History of violence forced abortion clinics to prepare
When a gunman killed three people and wounded nine others at a Planned Parenthood clinic in a Colorado abortion clinic last month, it was not surprising to those who have worked for the organization.
Shortly after the shooting, a former worker tweeted what she’d experienced in a three-year stint at a Wichita, Kan., clinic in the late ’90s. Bryn Greenwood, whose employment was confirmed by Planned Parenthood, tweeted that gasoline was poured under the clinic’s back door and ignited while the facility was occupied; butyric acid was poured under the clinic’s doors and into the ventilation system; and cherry bombs were left on the clinic’s doorstep. The clinic also was subject to three drive-by shootings and hundreds of threatening phone calls.
Data back up those claims. According to a 2010 RAND Corp. report, the most recent study available, Planned Parenthood clinics were subjected to more than 300 acts of “extreme violence” between 1973 and 2003, including arson, bombings and murders.
Those acts have forced abortion providers to prepare clinics in ways that may have saved lives in Colorado. Twenty-four people were evacuated unharmed from inside the Colorado Springs clinic, which had a safe room and bulletproof vests. None of the clinic’s staff were harmed. Police officers deployed to the scene also tapped into the clinic’s high-tech security cameras, which let them see where the shooter (allegedly 57-year-old recluse Robert Dear) was at all times.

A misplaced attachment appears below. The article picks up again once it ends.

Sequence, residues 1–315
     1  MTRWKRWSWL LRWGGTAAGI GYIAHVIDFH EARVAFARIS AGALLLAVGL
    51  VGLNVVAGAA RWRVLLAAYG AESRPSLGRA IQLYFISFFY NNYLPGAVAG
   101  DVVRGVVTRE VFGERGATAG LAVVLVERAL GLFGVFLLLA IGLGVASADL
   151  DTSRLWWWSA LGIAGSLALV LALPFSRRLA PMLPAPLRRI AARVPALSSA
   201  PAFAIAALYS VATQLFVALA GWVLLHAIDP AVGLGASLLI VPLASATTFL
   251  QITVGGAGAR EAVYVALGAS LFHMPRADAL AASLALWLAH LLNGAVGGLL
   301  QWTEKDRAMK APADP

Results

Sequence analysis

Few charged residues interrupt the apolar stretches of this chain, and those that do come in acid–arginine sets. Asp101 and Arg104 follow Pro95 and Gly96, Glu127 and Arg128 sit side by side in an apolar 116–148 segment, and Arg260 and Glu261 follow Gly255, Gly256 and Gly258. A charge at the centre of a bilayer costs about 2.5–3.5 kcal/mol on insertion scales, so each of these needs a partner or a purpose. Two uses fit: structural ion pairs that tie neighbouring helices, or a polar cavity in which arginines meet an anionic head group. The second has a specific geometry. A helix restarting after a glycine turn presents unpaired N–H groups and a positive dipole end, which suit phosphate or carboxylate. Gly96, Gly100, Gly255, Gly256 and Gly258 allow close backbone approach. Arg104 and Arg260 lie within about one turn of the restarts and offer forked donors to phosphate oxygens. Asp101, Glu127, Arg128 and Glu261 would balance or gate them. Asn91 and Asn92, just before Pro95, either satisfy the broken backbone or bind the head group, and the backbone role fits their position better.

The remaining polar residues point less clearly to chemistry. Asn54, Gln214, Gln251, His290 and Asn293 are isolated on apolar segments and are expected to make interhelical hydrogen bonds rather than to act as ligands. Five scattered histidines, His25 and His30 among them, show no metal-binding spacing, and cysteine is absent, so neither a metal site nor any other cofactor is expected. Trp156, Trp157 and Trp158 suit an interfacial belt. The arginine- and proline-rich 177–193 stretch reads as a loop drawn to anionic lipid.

The Colorado mass shooting and the California shooting that occurred five days later come amid heightened domestic and international political tensions. Planned Parenthood and the National Abortion Federation have reported a significant increase in threats after an anti-abortion group posted covert videos purporting to show a senior Planned Parenthood official discussing the sale of aborted fetuses for research purposes. And federal investigators are looking into possible terrorist links behind the shooting that killed 14 people last week in San Bernardino, Calif.
After last month’s terrorism attacks in Paris, HHS sent a letter to hospital systems asking them to review their protocols for active shooting situations in their facilities. Noting that healthcare workers have to keep themselves safe while protecting others, the guidelines suggested following the mantra “Run, hide, fight.” That is, run away from the shooter, find a secure hiding place and fight back if the shooter comes close. Other guidelines involve regular drills and discussions about how to handle immobile patients.
But exhaustive security measures come at a financial and psychological cost. “We take full responsibility for our own security, and that is an added expense for all of Planned Parenthood across the country,” said Carole Brite, CEO of Planned Parenthood Illinois.
Large hospitals with their robust security teams are well-positioned to adopt comprehensive protective measures and train personnel. But it’s harder for outpatient facilities, which historically have not required significant attention to security.
“A lot of times, clinics and areas are very open and very active, and they think that needs to be a part of the caring environment,” said Ben Scaglione, director of healthcare security services at G4S Secure Solutions and secretary of the International Association for Healthcare Security and Safety. “But, unfortunately, we’re seeing things are changing.”